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Emmanuel Asiedu-Acquah

Ghanaian nationalist politician and diplomat, was born on 21 February 1916 in Winneba, a coastal town in the central province of the Gold Coast (present-day Ghana). His father, James Edward Botsio, was the registrar of the colonial district commissioner’s court. His mother, Diana Ama Amina, was a trader. Kojo Botsio was schooled at the local Catholic primary and middle schools before attending the prestigious Adisadel College in the historic city of Cape Coast in 1929. He went on to train as a teacher from 1935 to 1936 at Achimota College, which also trained other future prominent Ghanaian leaders including his long-time political associate, Kwame Nkrumah, Ghana’s first postindependence leader. After his training at Achimota, Botsio taught at the Catholic secondary school of Saint Augustine in Cape Coast for five years.

In the tradition of some educated colonial Ghanaians of the time Botsio studied for his bachelor s degree at ...

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Before he became president of Haiti, Dumarsais Estimé was elected deputy to the National Assembly in 1930 and later served as minister of education in the cabinet of President Sténio Vincent. In his education post, he funded or raised teacher salaries; mandated vaccinations in primary schools; made sports obligatory in all schools, both public and private; and initiated interscholastic sports competitions. In 1946 he was elected president by the National Assembly. Estimé was supported by the black intelligentsia and represented the return to power of the black elite, after the ouster of mulatto president Elie Lescot. Not widely liked at the time he took office, Estimé went on to become one of Haiti's most popular leaders.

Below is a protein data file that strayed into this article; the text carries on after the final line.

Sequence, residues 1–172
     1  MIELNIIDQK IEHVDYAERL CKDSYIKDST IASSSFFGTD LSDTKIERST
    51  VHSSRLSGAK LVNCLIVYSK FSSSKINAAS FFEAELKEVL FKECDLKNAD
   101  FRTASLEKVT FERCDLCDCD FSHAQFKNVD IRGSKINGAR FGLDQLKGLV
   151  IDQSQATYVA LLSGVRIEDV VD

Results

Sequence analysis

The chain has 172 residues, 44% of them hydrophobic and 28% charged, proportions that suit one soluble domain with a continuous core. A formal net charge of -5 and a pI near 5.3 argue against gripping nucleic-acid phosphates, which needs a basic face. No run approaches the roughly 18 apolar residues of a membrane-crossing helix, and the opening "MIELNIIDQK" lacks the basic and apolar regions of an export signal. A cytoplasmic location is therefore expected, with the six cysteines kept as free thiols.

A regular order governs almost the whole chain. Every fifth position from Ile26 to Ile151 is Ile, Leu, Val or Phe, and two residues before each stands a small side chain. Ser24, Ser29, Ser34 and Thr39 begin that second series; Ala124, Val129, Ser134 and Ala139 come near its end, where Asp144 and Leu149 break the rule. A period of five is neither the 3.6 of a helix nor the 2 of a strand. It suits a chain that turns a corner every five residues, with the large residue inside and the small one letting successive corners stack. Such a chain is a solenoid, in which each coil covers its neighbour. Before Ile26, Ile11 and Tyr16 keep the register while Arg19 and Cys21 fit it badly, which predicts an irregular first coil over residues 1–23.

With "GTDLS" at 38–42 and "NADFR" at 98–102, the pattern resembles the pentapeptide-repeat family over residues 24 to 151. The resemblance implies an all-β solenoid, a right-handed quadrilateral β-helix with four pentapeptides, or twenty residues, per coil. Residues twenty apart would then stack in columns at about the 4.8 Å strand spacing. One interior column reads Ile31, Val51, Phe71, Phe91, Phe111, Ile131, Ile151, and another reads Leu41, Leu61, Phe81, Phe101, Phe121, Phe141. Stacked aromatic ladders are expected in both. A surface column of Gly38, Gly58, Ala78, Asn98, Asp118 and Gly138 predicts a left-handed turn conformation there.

As president Estimé launched populist and nationalist reforms in the areas of labor legislation education health care and sanitation He supported projects to attract tourism to the island notably the Universal ...